I became a chiropractor at the age of 26. Many chiropractors go into our profession because they were helped by one. I was not, but my wife’s daily relentless headaches were. I was impressed, so here I am. Although I did get adjusted in my 20’s and 30’s I did not become serious about my own spine until I was disabled by it at the age of 39. It was Memorial Day 2000 when it all came to a head. There is much more to this story than we have the space for, but at that time I could not take a step on my right leg without a severe sharp pain in my right hip, along with constant aching pain in my right leg and foot. My family at the time was playing a fair amount of tennis, which I could not do. I could barely walk, let alone run. At the time I feared this was forever. Finally, after 13 years of giving advice to patients, I began to take my own advice. I started Initial Intensive Care with frequent adjustments and deep tissue therapy.
It would take months of attention before the pain slowly faded from a 3-4 on my 1-4 scale to a 1-2. I continued with my weekly adjustments and intermittent deep tissue therapy. I began a, now, 14 year long commitment to weight loss and weight management, aerobic exercise, supplementation, and hydration. I changed every aspect of my health behavior slowly incorporating one change after another. Despite years of continuous care my right leg would vary from a 0 to a 2. I was happy for the 0’s, accepting of the 1’s, and frustrated when a 2 came around. No 3’s thankfully.
For reasons and circumstances beyond the space here I began a running program. In March 2009 while out for my morning run I felt what I can only describe as a tapping at my L5 vertebra with every step. When I walked it stopped. When I ran it tapped. So I walked home and within 2 hours my back was frozen and so weak I could literally not stand without holding myself up with a large walking stick. Three more months of intensive care. More deep tissue therapy. Recovery from this injury came over the spring and summer. I only missed one day of work by sheer force of will, not because I was ready to adjust patients.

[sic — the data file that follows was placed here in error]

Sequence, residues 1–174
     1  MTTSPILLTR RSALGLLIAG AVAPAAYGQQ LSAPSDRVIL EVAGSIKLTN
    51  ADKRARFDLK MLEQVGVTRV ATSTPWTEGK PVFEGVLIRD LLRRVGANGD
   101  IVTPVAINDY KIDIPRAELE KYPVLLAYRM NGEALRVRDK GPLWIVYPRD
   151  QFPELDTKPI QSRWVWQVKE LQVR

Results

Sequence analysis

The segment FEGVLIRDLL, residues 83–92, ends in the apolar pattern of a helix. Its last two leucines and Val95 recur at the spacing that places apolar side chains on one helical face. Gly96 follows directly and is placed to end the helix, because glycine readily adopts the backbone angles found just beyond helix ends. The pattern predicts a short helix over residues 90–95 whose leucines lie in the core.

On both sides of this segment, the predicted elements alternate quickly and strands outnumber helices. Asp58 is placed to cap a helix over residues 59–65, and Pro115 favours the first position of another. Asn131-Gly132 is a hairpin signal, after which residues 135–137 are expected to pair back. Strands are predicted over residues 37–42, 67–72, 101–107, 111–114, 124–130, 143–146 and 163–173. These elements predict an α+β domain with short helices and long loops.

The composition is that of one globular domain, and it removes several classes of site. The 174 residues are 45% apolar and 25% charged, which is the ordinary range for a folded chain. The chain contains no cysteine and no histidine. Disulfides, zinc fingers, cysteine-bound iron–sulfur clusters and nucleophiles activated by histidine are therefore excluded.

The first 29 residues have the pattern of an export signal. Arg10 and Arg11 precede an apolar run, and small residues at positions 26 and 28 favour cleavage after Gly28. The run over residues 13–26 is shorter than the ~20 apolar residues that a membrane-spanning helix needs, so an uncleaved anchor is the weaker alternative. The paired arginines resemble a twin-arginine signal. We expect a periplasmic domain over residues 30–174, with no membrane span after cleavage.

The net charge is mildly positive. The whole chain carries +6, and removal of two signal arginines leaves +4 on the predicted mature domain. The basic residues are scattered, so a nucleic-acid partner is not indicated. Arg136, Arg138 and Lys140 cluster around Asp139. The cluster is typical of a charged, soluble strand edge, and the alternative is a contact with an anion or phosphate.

As much for myself as for you, I developed what I now call my Disc Pump Exercises. I have been doing these for 3-4 years now and as a result of my positive experience, have incorporated them into what I call my Three Tool Model of treatment. I attribute my newly-found stabilization to the combination of ALL THREE tools, weekly adjustments, daily disc pump exercises, and deep tissue therapy every month or two (it should be monthly but I’m working on that).
In all it has taken me 14 years, perhaps 1,000 adjustments, scores of hours of deep tissue therapy, and 3-4 years of near daily disc pump exercises to achieve the greatest stability my spine has experienced since this mess all started while driving through Victorville in 2000. My last aggravation was a minor one just before last Christmas.
And what have I learned? 1) Patience. 2) It takes complete devotion to all three treatment tools to get maximum results. 3) I should have taken my own advice long before I was 39. 4) You can never fix the spine, or any joint, just improve and manage it, but you can do so very successfully with the right treatment, enough time, and, again, patience, my patients.